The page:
From: Südsteiermark, SE Austria (near the Slovenian border)
Varietal: Sauvignon Blanc
Taste & Critical Acclaim:
96 points, Stephan Reinhardt, Wine Advocate December 30, 2021
"The 2019 Ried Grassnitzberg Sauvignon Blanc is sometimes quite reductive and needs a lot of air, but it is precise, deep and clear. A second bottle was far better and a clearer Grassnitzberg representative, with a deep, cool and intensely fruity nose with mango notes and fine, smoky spice. Complex, elegant and fine on the palate, this is a full-bodied, juicy, ripe, savory, salty and grippy Sauvignon from Grassnitzberg that is tartly bitter on the finish and needs plenty of time to shine. The 2019 is not at all for young-wine or brand drinkers, but for collectors and connoisseurs of demanding wines. This is a tightly knit, taut, big wine that needs around 10 years before its journey really begins. 13% stated alcohol. Glass stopper. Tasted in Grafenegg in September 2021."
93 points, James Suckling, JamesSuckling.com, October 2021
"Smoky and flinty nose and, as it aerates, ever more grapefruit, then hay and seaweed. Concentrated with lively acidity and excellent minerality at the long, invigorating finish."
Pairing: You can pair this lovely white wine with a ton of dishes, including Spanish tapas and Mediterranean cuisine— especially those that center around fresh ingredients and seafood, and of course, foods from Vienna. Austrian food is most often associated with Viennese cuisine, which has been heavily influenced over centuries by the Austro-Hungarian Empire. Sure, it can be hearty and filling, but it’s not always. Wiener Schnitzel, Langos (fried potato bread), Spargel (asparagus), boiled or smoked fish (or even sausages) with sauerkraut and dumplings are all delicious pairings. We suggest serving this wine with an herb-roasted chicken or white fish and Mark Bittman’s Ricotta Cheese Gnocchi, shown below.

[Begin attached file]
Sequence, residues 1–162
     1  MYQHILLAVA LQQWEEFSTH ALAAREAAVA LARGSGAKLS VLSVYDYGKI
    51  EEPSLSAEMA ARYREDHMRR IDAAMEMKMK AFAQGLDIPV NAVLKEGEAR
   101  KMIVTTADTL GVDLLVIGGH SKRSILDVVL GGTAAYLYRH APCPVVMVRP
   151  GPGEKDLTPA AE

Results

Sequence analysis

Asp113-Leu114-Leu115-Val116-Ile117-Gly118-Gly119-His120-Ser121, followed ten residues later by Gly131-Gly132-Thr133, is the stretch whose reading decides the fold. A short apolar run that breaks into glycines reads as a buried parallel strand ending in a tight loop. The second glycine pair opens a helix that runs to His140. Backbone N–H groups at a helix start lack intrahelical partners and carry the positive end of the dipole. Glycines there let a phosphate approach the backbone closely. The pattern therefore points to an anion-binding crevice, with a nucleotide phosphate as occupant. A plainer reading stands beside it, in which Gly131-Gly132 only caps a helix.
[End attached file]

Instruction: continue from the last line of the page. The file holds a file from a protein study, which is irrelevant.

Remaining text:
Ricotta Cheese Gnocchi
By Mark Bittman
"I am possibly repeating myself in saying that Armin Tement (supported by brother Stefan and his wife Monika as well as his parents Manfred and Heidi) has made Weingut Tement Austria’s number one wine producer. Although it has been one of the country’s finest wine addresses already during the 1990s and 2000s by Armin’s father Manfred, the son has pushed the limits even farther. In terms of size, sophisticated winemaking and the immense range of high-quality wines, I don’t see anybody else producing wine on this level in Austria...”
—Stephan Reinhardt, Wine Advocate
About. Many thanks to importer David Bowler for the following. Armin Tement happily joined his family winery in Sudsteiermark (South Styria) in 2005. His father, Manfred Tement, had over time, firmly established Weingut Tement as a benchmark producer for Styrian Sauvignon Blanc and Morillon. Manfred was one of the founders of STK (Styrian Terroir and Klassik Wine growers association) in 1986. STK was established because there were no government regulations established at the time for making fine wine in the region. Manfred preferred Sauvignon Blanc to the most widely planted and highly productive Welschriesling. It was a big step to prioritize quality over quantity and eventually in 1991, Tement was recognized by the German magazine, Der Feinschmecker, for making the ‘world’s best Sauvignon Blanc’, essentially putting Tement and this small winegrowing region on the international wine map.
When Armin joined in 2005, his goal was not only to make an unequivocal Styrian wine, but also a wine that expresses, in his words, ‘Tement’s own style”. With the support of the family, Armin began following organic agriculture, eventually converting all eighty hectares over the next ten years and becoming certified organic in the 2018 vintage. South Styria gets a lot of rain and incredibly, Armin, Stefan, and Manfred have converted all of their sites to biodynamic agriculture, 2022 is the first vintage certified biodynamic by both Demeter and Respekt. There are three main weather influences that are a part of the terroir here: the Adriatic Sea to the south brings storms and rain, the Pannonian Plain brings hot and dry weather, and the Alps bring cool air at night.